care in choosing servants, and treating them like reasonable beings, and
making slight excuses for the shortcomings of human nature, they will,
save in some exceptional case, be tolerably well served, and, in most
instances, surround themselves with attached domestics.

2155. This remark, which is applicable to all domestics, is especially
so to men-servants. Families accustomed to such attendants have always
about them humble dependents, whose children have no other prospect than
domestic service to look forward to; to them it presents no degradation,
but the reverse, to be so employed; they are initiated step by step into
the mysteries of the household, with the prospect of rising in the
service, if it is a house admitting of promotion,--to the respectable
position of butler or house-steward. In families of humbler pretensions,
where they must look for promotion elsewhere, they know that can only be
attained by acquiring the goodwill of their employers. Can there be any
stronger security for their good conduct,--any doubt that, in the mass
of domestic servants, good conduct is the rule, the reverse the

2156. The number of the male domestics in a family varies according to
the wealth and position of the master, from the owner of the ducal
mansion, with a retinue of attendants, at the head of which is the
chamberlain and house-steward, to the occupier of the humbler house,
where a single footman, or even the odd man-of-all-work, is the only
male retainer. The majority of gentlemen's establishments probably
comprise a servant out of livery, or butler, a footman, and coachman, or
coachman and groom, where the horses exceed two or three.


2157. The domestic duties of the butler are to bring in the eatables at
breakfast, and wait upon the family at that meal, assisted by the
footman, and see to the cleanliness of everything at table. On taking
away, he removes the tray with the china and plate, for which he is
responsible. At luncheon, he arranges the meal, and waits unassisted,
the footman being now engaged in other duties. At dinner, he places the
silver and plated articles on the table, sees that everything is in its
place, and rectifies what is wrong. He carries in the first dish, and
announces in the drawing-room that dinner is on the table, and
respectfully stands by the door until the company are seated, when he
takes his place behind his master's chair on the left, to remove the
covers, handing them to the other attendants to carry out. After the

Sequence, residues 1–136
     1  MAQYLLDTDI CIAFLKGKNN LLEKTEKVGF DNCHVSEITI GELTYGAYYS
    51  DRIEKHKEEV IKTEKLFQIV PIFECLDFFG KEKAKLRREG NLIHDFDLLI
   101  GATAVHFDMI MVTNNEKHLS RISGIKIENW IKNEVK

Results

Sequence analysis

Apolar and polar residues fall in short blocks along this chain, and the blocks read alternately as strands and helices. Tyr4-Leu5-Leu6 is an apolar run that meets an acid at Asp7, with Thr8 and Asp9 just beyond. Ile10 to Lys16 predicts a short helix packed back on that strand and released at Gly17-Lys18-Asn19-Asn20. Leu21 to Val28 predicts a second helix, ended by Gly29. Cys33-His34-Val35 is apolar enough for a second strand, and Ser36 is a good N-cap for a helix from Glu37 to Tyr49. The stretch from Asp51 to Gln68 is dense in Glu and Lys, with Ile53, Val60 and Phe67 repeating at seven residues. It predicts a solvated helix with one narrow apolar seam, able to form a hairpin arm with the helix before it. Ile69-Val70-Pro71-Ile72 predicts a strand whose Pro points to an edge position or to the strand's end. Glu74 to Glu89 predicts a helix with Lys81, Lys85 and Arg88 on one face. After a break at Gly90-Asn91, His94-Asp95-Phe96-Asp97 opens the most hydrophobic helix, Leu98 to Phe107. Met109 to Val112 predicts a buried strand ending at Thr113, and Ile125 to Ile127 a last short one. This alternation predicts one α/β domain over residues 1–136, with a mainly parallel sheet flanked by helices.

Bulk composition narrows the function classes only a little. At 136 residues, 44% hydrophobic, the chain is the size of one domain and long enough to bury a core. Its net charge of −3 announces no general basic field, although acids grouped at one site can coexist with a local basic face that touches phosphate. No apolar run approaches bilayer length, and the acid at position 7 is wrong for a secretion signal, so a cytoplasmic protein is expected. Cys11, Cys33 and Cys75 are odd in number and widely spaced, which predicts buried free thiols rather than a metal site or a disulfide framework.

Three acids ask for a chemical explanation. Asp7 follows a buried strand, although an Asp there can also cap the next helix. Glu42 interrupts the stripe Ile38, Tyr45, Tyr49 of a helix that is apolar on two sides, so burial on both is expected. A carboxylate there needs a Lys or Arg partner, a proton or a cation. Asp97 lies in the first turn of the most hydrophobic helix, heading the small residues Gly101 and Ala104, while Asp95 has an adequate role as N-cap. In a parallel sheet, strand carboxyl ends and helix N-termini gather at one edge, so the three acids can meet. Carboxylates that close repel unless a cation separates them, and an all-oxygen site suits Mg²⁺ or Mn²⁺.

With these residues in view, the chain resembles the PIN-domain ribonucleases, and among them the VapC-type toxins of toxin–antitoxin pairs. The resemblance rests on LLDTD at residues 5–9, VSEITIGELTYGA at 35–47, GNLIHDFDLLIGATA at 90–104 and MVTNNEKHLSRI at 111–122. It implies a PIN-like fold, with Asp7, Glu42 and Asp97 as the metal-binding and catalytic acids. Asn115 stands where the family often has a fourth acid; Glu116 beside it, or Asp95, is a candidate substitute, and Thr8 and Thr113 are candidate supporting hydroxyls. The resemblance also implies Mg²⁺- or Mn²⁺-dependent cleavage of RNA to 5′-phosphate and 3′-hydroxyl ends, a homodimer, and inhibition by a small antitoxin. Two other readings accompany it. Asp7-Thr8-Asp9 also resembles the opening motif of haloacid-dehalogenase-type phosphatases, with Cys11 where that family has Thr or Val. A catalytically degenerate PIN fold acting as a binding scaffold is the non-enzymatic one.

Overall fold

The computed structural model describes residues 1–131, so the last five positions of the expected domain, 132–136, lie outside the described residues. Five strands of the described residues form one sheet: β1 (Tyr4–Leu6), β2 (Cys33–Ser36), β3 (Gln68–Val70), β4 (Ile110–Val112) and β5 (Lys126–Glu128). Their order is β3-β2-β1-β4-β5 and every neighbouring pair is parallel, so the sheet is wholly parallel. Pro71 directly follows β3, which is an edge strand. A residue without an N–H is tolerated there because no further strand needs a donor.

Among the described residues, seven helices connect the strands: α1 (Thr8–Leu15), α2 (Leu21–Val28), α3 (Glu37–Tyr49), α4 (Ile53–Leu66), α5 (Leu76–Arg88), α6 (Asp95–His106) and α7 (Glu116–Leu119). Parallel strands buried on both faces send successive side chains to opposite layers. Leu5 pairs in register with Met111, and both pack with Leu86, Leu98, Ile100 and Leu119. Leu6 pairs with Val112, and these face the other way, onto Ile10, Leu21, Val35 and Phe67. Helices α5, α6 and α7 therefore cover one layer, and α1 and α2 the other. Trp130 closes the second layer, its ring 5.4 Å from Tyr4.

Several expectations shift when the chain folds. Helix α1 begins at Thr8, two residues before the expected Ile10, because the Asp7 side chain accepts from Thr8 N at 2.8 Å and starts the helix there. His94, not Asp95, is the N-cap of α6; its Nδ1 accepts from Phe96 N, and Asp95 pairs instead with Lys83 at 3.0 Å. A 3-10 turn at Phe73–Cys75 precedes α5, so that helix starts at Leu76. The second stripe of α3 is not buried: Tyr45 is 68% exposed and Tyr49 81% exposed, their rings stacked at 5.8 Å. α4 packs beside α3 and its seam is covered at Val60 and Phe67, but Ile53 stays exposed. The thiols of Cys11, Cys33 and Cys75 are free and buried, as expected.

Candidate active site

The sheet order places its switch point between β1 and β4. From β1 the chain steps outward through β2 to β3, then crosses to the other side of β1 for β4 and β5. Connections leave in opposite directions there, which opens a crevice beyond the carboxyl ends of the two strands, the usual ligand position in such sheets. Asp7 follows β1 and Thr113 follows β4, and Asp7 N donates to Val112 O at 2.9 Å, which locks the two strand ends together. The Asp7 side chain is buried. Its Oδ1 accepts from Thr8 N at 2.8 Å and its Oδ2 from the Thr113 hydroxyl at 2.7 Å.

first course of plates is supplied, his place is at the sideboard to
serve the wines, but only when called on.

2158. The first course ended, he rings the cook's bell, and hands the
dishes from the table to the other servants to carry away, receiving
from them the second course, which he places on the table, removing the
covers as before, and again taking his place at the sideboard.

2159. At dessert, the slips being removed, the butler receives the
dessert from the other servants, and arranges it on the table, with
plates and glasses, and then takes his place behind his master's chair
to hand the wines and ices, while the footman stands behind his mistress
for the same purpose, the other attendants leaving the room. Where the
old-fashioned practice of having the dessert on the polished table,
without any cloth, is still adhered to, the butler should rub off any
marks made by the hot dishes before arranging the dessert.

2160. Before dinner, he has satisfied himself that the lamps, candles,
or gas-burners are in perfect order, if not lighted, which will usually
be the case. Having served every one with their share of the dessert,
put the fires in order (when these are used), and seen the lights are
all right, at a signal from his master, he and the footman leave the

2161. He now proceeds to the drawing-room, arranges the fireplace, and
sees to the lights; he then returns to his pantry, prepared to answer
the bell, and attend to the company, while the footman is clearing away
and cleaning the plate and glasses.

2162. At tea he again attends. At bedtime he appears with the candles;
he locks up the plate, secures doors and windows, and sees that all the
fires are safe.

2163. In addition to these duties, the butler, where only one footman is